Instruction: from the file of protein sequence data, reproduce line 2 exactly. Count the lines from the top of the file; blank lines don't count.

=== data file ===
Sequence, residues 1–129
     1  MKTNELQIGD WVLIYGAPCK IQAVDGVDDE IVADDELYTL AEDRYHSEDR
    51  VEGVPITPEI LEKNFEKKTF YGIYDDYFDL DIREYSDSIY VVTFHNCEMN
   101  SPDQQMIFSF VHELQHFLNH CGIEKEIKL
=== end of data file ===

     1  MKTNELQIGD WVLIYGAPCK IQAVDGVDDE IVADDELYTL AEDRYHSEDR